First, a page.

Get into Stanford
Stanford University was ranked #4 in the 2015 US News and World Report rankings of National Universities and #2 Best Undergraduate Engineering Program. Stanford has a total undergraduate enrollment of 7,019 students who study on a beautiful 8,000 acre campus about 37 miles Southeast of San Francisco.
Students at Stanford can earn undergraduate degrees in three schools: The School of Humanities and Sciences, The School of Engineering, or The School of Earth, Energy and Environmental Sciences. About 80% of undergraduates earn degrees from the School of Humanities and Sciences.
The Stanford admissions office recently reported they employ a staff of 52—dean, assistant deans, admissions officers and part-time readers – that averages to slightly more than 746 applications per reader who spends, on average, 7-15 minutes reading each application. Here are the first lines from a few applications Stanford admissions officers reviewed and accepted a few years ago:
I stand on the riverbank surveying this rippled range like some riparian cowboy—instead of chaps, I wear vinyl, thigh-high waders and a lasso of measuring tape and twine is slung over my arm.
I’ll never forget the day when my childhood nightmares about fighting gigantic trolls in the Lord of the Rings series became a reality. Sword in hand and clad in medieval samurai armor, I dragged myself into the battleground as I faced my opponent, a warmongering giant.
Some fathers might disapprove of their children handling noxious chemicals in the garage.
Stanford offers a restrictive early action option for admissions. This is non-binding, but the policy states that an applicant cannot apply to any other early plan (early action or early decision) except those schools that have an early non-binding plan with an early deadline for a scholarship or special academic program. Students may also apply to a school with a non-binding rolling plan or to any foreign school and any public school with a non-binding early policy. So, a student could apply restrictive early action to Stanford and rolling to Penn State, St. Andrews (Scotland) and University of Wisconsin, among other schools.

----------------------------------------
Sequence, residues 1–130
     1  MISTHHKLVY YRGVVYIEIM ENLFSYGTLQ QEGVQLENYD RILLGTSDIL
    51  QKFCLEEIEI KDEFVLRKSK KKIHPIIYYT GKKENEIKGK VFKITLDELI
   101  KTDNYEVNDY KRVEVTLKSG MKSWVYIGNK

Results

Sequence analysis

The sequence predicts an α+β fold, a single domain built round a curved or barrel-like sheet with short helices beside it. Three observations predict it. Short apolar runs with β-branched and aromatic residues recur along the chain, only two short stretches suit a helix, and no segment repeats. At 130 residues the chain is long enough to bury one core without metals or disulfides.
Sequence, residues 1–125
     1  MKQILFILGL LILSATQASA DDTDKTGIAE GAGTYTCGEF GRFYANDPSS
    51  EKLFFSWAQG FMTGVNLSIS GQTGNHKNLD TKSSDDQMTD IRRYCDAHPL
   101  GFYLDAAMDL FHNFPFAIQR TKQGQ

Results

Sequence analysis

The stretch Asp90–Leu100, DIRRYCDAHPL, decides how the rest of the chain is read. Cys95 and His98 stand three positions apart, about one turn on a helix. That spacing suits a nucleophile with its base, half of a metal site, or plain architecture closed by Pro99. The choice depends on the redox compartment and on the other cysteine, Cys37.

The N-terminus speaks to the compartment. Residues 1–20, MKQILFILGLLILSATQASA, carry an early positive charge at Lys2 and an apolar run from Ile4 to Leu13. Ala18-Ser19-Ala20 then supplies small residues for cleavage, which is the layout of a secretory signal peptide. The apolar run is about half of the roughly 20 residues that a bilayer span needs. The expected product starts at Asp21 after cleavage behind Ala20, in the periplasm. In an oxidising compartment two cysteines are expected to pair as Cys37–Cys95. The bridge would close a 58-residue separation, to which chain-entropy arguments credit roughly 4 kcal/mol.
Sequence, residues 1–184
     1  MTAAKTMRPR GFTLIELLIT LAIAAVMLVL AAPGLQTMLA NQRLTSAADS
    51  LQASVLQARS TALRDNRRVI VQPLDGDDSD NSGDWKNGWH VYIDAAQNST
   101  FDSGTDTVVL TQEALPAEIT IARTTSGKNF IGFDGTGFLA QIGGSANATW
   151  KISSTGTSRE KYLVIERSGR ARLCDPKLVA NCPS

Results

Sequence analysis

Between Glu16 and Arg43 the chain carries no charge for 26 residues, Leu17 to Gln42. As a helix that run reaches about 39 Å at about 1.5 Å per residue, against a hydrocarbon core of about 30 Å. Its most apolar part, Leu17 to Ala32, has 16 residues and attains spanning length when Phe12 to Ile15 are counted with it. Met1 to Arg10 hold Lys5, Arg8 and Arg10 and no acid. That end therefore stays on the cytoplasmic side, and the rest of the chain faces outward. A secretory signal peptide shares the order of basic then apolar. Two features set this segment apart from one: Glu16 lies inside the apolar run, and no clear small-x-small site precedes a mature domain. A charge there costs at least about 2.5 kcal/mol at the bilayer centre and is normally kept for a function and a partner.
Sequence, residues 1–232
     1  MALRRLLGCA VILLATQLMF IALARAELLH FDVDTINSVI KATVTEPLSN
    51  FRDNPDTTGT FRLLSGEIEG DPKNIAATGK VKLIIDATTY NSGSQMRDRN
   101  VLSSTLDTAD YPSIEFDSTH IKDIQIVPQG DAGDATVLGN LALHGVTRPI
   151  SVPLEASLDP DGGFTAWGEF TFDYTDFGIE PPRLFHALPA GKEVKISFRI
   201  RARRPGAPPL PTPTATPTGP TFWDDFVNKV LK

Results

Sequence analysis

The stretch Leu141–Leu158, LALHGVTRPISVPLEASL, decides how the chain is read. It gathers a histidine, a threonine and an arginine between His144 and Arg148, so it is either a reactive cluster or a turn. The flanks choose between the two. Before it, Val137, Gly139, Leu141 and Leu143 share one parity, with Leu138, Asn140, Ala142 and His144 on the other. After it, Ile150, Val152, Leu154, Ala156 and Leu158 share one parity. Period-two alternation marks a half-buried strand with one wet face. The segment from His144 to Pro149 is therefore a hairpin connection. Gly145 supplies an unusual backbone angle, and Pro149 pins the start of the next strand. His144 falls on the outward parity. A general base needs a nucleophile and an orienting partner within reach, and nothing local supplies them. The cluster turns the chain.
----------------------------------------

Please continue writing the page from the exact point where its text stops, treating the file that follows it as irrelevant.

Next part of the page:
Stanford is transparent with their admissions data and shares their information from the Common Data Set.
For the Class of 2019, 95% of accepted students were in the top 10% of their class, and 99% were in the top quarter of their high school graduating class. 93.03% of admitted students had a GPA of 3.75 or higher. Out of 42,487 applicants, only 1,402 received letters of acceptance to Stanford’s Class of 2019, in addition to the 742 early action students accepted in December. At 5.05 percent, this year’s undergraduate admissions rate is the lowest in Stanford’s history. Very few students get off the wait list – that’s because so many students accept Stanford when they are accepted. Last year, only 7 waitlisted students were admitted out of the 695 who accepted a place on the wait list. Of last year’s accepted students, 73% had a GPA of 4.0 and above, and 95% of admitted students were in the top 80% of their high school class.
As is the case with most schools, teacher recommendations are best from grades 11 and 12. Stanford requires two letters of recommendation from teachers, though they add that you may submit a maximum of one optional letter of recommendation if there is another person—not a teacher or counselor—who knows you well and will provide new insights about you. We counsel our students carefully on this as colleges really don’t want random recommendations from a friend of a friend or a professor who taught you for 2 weeks in a summer class.
Stanford offers optional alumni interviews once a student has applied. This will depend on your zip code and if they have anyone in your area. If you are eligible to take part in the alumni interview program, an alumnus or alumna will contact you after you have submitted your application.